From Publishers Weekly
Readers fascinated by politics and the law will want to pick up this book, which features edited trial transcripts from the federal case against I. Lewis "Scooter" Libby, Vice President Dick Cheney's chief of staff, who was convicted of obstruction of justice and making false statements in the investigation of the alleged outing of CIA agent Valerie Plame (in a July, 2003 column by Robert Novak). Waas begins with a detailed chronology of events, a list of people involved in the case and an insightful introduction, setting the scene nicely for the trial. The bulk of the book is composed of trial testimony from various witnesses, some minor celebrities among them (like NBC newsman Tim Russert). Waas interjects from time to time with background information or analysis, and introduces each witness with a short biography explaining his or her connection to the case. Opening and closing statements from both sides provide a good summary of the issues, and an interesting appendix contains copies of original documents, such as Libby's handwritten notes and Cheney's own copy of Novak's Plame-naming op-ed piece. While this holds limited appeal for all but the most diehard politicos and legal types, it makes an excellent resource for anyone who wants to understand the scandal in general and Libby's case in particular.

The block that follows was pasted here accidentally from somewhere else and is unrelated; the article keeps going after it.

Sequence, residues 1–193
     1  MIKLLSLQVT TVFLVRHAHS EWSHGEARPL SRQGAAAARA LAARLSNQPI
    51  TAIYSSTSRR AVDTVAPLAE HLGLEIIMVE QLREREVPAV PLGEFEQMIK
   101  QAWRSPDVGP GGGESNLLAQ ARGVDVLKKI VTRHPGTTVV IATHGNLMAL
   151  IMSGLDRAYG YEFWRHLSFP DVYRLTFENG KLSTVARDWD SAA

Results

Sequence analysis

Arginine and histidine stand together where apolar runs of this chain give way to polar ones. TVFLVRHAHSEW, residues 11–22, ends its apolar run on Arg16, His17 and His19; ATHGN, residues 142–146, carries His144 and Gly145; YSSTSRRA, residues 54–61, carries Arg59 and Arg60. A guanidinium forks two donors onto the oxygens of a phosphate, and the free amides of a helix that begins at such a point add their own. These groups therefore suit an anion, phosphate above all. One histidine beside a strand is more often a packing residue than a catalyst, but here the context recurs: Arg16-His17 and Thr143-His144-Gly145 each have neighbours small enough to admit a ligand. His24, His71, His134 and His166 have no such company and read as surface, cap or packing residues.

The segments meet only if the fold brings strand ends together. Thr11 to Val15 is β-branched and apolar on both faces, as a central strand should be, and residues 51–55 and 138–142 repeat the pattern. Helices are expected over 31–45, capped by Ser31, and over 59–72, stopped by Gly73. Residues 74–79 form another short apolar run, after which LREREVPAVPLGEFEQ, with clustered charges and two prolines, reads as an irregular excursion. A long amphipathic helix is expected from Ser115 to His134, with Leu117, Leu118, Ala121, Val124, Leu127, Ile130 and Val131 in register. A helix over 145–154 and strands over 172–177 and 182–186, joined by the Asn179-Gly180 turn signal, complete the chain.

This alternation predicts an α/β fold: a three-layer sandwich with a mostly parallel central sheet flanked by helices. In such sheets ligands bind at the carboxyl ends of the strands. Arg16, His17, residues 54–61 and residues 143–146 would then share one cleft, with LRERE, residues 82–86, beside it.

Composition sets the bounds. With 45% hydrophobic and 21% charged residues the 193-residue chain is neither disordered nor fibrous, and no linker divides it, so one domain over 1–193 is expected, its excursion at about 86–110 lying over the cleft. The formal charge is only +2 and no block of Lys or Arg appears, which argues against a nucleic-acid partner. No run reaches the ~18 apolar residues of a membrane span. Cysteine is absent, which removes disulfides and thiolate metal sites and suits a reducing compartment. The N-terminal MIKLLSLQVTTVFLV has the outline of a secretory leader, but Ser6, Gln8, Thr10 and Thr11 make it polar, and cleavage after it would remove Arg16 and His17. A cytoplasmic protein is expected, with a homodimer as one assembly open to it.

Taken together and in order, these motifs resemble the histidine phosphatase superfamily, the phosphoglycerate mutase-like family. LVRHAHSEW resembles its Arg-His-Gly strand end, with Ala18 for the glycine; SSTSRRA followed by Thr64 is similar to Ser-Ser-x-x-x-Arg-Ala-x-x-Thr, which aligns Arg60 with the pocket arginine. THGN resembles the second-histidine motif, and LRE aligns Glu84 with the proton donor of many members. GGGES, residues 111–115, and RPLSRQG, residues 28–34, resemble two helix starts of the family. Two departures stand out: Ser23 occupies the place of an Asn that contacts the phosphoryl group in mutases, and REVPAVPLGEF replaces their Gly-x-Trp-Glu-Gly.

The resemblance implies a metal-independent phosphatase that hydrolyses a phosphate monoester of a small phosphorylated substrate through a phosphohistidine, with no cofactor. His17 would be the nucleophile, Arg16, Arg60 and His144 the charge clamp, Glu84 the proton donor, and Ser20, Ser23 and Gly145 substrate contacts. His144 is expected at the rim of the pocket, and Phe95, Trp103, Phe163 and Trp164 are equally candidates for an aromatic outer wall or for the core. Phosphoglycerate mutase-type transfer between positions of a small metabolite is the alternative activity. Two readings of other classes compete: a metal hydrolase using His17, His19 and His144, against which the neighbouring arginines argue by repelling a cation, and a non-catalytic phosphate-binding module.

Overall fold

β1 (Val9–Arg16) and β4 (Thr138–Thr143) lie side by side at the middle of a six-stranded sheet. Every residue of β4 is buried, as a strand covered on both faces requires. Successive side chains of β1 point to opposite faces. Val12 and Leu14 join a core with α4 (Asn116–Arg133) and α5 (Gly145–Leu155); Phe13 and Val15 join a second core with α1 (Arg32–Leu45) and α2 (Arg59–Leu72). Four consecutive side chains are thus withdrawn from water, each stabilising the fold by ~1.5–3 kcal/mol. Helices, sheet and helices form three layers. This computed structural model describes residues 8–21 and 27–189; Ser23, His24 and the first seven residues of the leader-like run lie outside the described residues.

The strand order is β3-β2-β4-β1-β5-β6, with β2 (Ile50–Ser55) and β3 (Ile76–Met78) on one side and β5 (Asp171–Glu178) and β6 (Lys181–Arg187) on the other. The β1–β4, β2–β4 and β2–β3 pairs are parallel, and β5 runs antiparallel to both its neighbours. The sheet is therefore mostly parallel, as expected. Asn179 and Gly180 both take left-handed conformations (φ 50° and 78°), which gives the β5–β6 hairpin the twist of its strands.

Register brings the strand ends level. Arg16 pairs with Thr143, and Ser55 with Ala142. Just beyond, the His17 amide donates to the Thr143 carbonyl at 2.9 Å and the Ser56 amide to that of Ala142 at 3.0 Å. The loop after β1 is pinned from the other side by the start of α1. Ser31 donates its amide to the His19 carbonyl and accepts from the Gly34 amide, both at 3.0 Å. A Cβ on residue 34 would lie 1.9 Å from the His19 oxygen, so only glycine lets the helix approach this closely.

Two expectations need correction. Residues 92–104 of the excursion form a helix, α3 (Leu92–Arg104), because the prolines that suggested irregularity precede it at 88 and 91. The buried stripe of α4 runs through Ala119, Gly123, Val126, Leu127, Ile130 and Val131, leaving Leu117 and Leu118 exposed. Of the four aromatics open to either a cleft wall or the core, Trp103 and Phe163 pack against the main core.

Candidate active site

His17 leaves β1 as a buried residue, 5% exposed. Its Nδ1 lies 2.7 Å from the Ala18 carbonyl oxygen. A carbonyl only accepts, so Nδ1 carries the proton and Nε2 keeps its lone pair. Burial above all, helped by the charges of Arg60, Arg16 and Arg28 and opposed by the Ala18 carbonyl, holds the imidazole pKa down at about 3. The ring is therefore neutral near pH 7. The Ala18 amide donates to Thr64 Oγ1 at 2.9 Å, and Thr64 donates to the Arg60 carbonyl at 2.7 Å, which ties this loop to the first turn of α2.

Copyright © Reed Business Information, a division of Reed Elsevier Inc. All rights reserved.
“Murray Waas is our Woodward now...publishing the biggest story in town.”—Jay Rosen, PressThink.Org
“Slowly but surely…Murray Waas has been putting together a compelling narrative about how President Bush and his top aides contrived their bogus case for war in Iraq.”—Dan Froomkin, WashingtonPost.com
“Murray Waas is pretty impressive….he just keeps whaling away with discrete fact after discrete fact until, finally, he sinks the sucker.“—Steve Lovelady, Columbia Journalism Review
“[Waas] suggests a plausible motive for both Scooter Libby and Karl Rove to have misled the grand jury about Plame.”—Greg Sargent, The American Prospect
“Murray Waas is getting his day in the sun…The freelance investigative reporter has racked up a series of scoops. He’s been cited by New York Times columnists Frank Rich and Paul Krugman.”—Howard Kurtz, Media Notes, Washington Post columnist